Disrespectfully meeting the gaze
I seem to be on a bit of a tear here (just imagine what my classes must have been like before I had a blog-deposit for all my associated thoughts…!)
Anyhow, this one is about the symposium on Gender, Equity and the Middle East which took place @ BMC this afternoon and evening. I had to miss most of the presentations in order to teach my other class (sigh…), so am hoping that someone else (Hannah, I saw you there!) might report in (@ least!?) on the one entitled “Is Male to Female as Mind is to Body?” I caught Deborah Harrold’s talk about “The Exotic Other,” and the Q&A time w/ all the presenters, as well as the documentary film directed by Wazhmah Osman and Kelley Dolak, Postcards from Tora Bora, a very powerful-and to me dislocating–account of Wazhmah’s return to Afghanistan, 20-some years after she emigrated to the U.S. with (part of) her family.
Several things that Deborah said seemed to pick up and develop the themes from our last panel (which we realized, retrospectively, as being about the gender segregation of professional work). Deborah said, for instance, that gender identities are affected by economics: “gender performances are determined by what spaces people can gain access to, economically speaking” (as one woman said, “At home I have to be a woman; @ work I have to be a man”).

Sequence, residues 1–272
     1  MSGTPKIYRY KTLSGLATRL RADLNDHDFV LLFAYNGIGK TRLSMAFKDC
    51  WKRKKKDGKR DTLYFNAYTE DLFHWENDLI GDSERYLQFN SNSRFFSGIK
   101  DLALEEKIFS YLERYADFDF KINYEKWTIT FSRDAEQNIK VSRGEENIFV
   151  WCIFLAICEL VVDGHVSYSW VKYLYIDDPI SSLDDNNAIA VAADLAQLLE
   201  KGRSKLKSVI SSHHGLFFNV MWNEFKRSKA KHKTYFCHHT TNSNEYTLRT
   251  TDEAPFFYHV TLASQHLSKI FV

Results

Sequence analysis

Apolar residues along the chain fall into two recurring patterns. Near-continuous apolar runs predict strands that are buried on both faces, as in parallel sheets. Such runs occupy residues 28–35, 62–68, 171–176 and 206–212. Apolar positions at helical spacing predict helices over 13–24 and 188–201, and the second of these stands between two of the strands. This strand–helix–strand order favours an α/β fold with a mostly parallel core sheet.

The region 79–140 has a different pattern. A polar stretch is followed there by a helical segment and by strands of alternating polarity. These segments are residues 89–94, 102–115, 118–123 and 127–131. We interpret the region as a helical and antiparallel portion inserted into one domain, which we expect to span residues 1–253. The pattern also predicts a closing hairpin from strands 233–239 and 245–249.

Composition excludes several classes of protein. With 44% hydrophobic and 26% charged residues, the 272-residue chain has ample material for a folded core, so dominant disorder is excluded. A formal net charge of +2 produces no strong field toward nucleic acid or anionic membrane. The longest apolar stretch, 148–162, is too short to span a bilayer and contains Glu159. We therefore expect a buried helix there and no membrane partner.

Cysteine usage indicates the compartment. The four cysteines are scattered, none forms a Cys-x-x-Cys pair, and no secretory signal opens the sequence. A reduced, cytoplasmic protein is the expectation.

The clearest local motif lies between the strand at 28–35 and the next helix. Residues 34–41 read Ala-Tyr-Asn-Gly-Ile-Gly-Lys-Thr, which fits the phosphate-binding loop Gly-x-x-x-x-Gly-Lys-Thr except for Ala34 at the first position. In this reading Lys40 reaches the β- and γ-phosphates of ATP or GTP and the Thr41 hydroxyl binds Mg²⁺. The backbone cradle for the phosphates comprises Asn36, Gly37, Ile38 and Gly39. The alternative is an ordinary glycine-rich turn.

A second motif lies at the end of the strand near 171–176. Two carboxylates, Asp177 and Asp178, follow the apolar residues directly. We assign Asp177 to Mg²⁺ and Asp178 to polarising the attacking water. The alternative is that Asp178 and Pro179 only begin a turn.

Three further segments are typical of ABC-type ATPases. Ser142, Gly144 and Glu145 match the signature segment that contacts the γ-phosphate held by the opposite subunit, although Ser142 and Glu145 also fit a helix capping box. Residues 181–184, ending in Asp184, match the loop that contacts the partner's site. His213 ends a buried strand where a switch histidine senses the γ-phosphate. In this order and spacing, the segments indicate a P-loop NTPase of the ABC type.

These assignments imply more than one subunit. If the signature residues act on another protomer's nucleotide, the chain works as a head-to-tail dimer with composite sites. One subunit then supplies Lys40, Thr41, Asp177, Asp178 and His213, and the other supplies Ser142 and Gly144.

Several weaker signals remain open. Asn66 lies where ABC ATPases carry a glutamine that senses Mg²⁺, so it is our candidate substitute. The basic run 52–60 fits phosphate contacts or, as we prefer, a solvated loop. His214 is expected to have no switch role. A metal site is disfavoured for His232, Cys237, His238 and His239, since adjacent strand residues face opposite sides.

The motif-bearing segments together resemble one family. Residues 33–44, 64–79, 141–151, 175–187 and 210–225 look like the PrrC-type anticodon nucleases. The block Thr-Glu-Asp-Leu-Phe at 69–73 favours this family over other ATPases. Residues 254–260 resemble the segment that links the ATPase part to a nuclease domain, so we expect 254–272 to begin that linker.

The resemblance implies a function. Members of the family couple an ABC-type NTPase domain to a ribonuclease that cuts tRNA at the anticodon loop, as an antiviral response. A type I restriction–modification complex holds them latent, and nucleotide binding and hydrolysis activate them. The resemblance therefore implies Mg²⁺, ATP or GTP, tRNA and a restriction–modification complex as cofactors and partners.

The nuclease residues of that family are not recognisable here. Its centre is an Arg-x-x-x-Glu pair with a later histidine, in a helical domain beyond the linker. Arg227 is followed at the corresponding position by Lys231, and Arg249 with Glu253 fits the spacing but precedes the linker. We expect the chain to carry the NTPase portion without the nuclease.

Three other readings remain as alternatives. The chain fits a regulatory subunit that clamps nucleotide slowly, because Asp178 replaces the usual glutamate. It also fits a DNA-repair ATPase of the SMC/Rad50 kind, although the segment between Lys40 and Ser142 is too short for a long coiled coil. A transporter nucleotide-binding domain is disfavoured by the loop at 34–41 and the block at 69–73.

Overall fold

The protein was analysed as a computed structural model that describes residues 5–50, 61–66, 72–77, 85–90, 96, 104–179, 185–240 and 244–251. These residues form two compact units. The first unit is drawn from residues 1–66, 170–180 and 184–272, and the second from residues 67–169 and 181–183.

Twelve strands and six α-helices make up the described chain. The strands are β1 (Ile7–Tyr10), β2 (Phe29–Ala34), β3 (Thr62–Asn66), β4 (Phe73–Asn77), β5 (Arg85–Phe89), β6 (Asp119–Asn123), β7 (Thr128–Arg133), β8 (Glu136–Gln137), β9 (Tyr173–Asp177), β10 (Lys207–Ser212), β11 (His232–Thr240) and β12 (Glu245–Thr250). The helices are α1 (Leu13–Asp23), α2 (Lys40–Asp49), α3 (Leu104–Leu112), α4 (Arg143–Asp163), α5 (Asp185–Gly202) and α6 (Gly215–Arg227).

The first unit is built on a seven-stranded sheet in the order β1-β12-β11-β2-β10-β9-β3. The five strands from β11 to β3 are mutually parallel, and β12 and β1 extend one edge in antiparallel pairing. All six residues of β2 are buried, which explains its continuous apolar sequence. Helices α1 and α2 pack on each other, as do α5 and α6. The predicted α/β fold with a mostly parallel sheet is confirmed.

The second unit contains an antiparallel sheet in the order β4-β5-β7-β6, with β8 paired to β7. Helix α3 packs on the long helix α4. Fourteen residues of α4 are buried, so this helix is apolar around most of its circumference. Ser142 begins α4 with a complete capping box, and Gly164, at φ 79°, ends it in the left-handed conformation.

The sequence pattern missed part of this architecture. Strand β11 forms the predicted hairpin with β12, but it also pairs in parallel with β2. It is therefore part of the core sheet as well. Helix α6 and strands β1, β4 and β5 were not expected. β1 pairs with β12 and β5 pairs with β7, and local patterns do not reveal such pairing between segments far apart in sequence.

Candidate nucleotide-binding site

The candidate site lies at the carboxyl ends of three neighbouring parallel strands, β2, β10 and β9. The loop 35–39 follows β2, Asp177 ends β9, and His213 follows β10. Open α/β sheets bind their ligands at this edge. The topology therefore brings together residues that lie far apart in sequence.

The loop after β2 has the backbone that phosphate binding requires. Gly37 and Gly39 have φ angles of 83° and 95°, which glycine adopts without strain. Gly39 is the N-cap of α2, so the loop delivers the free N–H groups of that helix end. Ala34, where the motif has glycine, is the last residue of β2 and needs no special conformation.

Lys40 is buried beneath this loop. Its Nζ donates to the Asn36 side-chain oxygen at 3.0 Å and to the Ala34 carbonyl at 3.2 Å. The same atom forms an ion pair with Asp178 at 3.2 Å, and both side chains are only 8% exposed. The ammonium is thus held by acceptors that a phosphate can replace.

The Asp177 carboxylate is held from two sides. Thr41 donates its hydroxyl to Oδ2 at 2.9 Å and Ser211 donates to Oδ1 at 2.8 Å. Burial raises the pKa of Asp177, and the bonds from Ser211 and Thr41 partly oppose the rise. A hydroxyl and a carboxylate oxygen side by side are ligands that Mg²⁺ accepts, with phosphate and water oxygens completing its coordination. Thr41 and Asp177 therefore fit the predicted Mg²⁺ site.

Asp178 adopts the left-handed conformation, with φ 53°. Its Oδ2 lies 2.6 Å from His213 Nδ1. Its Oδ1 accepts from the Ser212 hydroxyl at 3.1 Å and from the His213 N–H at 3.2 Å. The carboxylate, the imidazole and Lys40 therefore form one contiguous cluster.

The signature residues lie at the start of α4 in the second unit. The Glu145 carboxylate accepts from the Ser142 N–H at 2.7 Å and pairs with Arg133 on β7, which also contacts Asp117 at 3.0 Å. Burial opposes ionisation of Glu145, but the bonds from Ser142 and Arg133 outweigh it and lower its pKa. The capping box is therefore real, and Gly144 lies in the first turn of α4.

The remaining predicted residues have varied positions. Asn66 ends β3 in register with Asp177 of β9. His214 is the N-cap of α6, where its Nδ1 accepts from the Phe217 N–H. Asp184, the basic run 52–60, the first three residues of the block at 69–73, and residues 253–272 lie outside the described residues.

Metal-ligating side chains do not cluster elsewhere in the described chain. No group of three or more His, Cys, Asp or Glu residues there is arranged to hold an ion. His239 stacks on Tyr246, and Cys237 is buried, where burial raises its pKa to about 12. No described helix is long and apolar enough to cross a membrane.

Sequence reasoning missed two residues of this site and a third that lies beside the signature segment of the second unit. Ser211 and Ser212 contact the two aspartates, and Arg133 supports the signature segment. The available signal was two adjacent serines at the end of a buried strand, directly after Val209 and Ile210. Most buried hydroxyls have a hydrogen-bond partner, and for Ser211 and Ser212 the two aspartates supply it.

The discussion during Q&A also anticipated some of the conversation we’re going to have, after break, about the representation of gender and technology. It was said, for instance, that “image technologies are never disinterested in how they organize the narrative”–meaning, for example, that an image (such as this famous one),
which is so profoundly decontextualized (both the young woman and her older self are presented with “her social group removed”), is structured so as to allow the viewers’ associations to fill in the gaps. I also heard that there are “particular Western ways of gazing (in Islamic cultures, it is thought to be disrespectful to “meet the gaze,” while lowering it is seen as respectful; that–although veiling has negative connotations in the West–“it has been very powerful for some women”; and that “the segregation of the sexes can offer also moments of liberation.”
Context, perspective and p.o.v. are of course central in all such readings…